As well as needing to work, a vast number of young people want to work to gain experience or because they want to make a contribution, rather than the financial gains. Many describe navigating a network or peer group is getting increasingly difficult, particularly now that many workplaces are likely to continue with a level working from home or online, due to the pandemic.
Sulia describes her volunteer work, engaging with different groups around climate change issues and notes:
‘When I am looking for the employment pathways, it has been hard to find them. I talk to people and follow a lead, but it would help if unis, institutions and workplaces make alternate pathways more visible. If people saw there are many ways to go to uni or work, they would see what skills and experiences would help support what they are trying to do.’
On top of this, many of the mechanisms and instruments employers need, to recognise and see more of what young people have done or what they are passionate about, are missing.
One employer commented through the Social Lab engagement process:
‘A lot of our young people do casual work - how can we show that too? We currently have a siloed approach. The skills young people are learning in casual work, part time work and volunteering aren’t being embedded or recognised in their education.’
As one teacher noted in a Learning Creates forum: ‘We need better communication between teachers and those running apprenticeships or work experiences - they’re probably learning all these things but they’re not captured because as teachers we can’t see them.’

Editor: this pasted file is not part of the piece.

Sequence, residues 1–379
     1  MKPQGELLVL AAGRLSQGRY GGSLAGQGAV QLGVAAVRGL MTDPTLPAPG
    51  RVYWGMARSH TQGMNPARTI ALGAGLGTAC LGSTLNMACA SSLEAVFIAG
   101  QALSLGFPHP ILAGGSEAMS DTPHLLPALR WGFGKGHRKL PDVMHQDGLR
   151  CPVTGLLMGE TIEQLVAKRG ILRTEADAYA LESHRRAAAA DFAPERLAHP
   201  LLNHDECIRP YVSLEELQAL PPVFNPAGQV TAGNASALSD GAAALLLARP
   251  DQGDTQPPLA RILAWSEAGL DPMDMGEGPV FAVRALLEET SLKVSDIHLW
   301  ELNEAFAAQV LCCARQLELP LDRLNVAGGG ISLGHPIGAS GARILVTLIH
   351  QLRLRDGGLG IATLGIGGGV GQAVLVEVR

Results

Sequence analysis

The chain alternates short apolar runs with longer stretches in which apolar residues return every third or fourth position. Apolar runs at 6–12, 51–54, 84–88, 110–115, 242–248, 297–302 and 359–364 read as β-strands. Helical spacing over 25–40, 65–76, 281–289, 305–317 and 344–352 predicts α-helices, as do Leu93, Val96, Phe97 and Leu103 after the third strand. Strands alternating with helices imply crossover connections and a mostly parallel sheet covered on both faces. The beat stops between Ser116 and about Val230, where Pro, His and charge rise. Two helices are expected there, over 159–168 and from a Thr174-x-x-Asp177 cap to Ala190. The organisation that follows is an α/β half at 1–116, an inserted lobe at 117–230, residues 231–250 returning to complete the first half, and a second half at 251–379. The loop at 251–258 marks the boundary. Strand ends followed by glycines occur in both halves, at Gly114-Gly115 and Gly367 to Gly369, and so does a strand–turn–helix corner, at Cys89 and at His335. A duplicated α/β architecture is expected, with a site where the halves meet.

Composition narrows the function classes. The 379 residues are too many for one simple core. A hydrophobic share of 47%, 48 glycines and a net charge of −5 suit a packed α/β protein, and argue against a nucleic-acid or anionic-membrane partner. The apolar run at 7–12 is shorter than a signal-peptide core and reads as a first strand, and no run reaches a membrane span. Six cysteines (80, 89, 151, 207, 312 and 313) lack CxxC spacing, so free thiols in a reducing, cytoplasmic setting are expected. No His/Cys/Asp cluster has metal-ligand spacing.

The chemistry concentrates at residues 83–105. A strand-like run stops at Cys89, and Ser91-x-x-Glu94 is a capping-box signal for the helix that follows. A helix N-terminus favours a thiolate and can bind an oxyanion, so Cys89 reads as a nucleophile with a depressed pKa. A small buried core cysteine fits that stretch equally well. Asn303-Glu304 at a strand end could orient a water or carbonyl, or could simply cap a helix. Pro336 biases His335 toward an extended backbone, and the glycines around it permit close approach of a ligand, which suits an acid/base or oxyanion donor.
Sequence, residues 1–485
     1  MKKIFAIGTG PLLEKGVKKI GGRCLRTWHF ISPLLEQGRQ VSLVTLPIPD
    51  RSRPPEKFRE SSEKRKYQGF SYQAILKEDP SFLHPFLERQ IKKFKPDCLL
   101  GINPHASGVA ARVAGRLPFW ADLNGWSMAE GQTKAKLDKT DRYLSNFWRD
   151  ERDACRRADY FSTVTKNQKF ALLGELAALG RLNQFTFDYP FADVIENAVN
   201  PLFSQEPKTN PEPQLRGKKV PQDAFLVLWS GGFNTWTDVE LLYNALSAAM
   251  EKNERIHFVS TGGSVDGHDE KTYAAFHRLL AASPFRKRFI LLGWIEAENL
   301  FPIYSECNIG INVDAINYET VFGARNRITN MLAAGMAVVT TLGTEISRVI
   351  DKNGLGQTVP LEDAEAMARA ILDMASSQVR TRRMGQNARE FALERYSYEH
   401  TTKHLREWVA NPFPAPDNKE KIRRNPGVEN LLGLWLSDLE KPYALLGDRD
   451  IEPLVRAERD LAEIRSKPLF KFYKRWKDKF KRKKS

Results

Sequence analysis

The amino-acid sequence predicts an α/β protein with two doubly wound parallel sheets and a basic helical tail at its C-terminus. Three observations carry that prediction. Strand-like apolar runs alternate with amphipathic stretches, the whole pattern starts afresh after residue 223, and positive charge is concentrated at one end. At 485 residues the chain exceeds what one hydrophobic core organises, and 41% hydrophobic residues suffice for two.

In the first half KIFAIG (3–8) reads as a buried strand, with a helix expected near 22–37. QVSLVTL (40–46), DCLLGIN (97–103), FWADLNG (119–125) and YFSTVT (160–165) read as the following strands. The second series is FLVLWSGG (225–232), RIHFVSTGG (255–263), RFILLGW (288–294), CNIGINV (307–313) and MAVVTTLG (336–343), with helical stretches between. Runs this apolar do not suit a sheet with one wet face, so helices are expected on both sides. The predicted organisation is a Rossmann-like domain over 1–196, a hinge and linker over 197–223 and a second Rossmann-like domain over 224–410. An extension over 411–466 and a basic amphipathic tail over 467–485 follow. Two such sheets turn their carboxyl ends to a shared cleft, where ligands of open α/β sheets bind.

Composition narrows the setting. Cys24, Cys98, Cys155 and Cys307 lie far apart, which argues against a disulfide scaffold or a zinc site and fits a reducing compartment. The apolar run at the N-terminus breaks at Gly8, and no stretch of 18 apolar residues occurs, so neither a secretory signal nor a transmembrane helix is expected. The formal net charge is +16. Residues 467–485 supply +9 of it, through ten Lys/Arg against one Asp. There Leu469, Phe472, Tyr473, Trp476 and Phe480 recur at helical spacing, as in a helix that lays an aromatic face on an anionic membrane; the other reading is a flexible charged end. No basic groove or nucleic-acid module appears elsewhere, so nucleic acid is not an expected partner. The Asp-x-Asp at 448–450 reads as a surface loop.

Sulia comments: ‘It would be great to see more into the different employment markets – to see what you need in the job, the skills you need rather than the qualification. It would also be good to meet people in the industry and be a part of it when you are younger, to make some connections for the future. Employers might want to know what young people think about their industry, what might be putting them off. Why they think they would be good there.’
Jacyl Shaw from GHD describes how important networks are - but notes they need to be present in a more intentional way, for everyone, regardless of whether a young person’s parents have connections or not.
‘There is a perception in some contexts where the idea of networking is tainted somehow - almost transactional. It’s seen as a privilege. But it can and should be something all young people are encouraged to do while they are learning, not something they start thinking about when they finish school. For innovation, networks are about finding people who are different to you, or people who can test your ideas. Networks can flow both ways and benefit business and young people if we start the conversations earlier.’
But not all employers are able to embrace the idea of bringing more young people into their workplaces with ease. There are challenges with some forms of work, including in consulting.
Sek from BCG concludes:
‘It is hard to recruit a 15-18 year old into the core of our business. There are a lack of tools to differentiate people in a scalable way. But the idea of an intermediary could help us find that young person who has had substantial experience solving a complex problem or building a startup. Perhaps there are different pathways we could manage, new programs we could think about, with the role of an intermediary helping to stream capabilities in a scalable way, with the right record and transcripts of what this person has been able to do.’
This article is part of a series Stories about now that was released in our Discussion Paper Shifts and Flows in Learning and Work which explored the changing relationship between employers and young people. You can access the full report here: https://www.learningcreates.org.au/findings/discussion-paper-shifts-and-flows-in-learning-and-work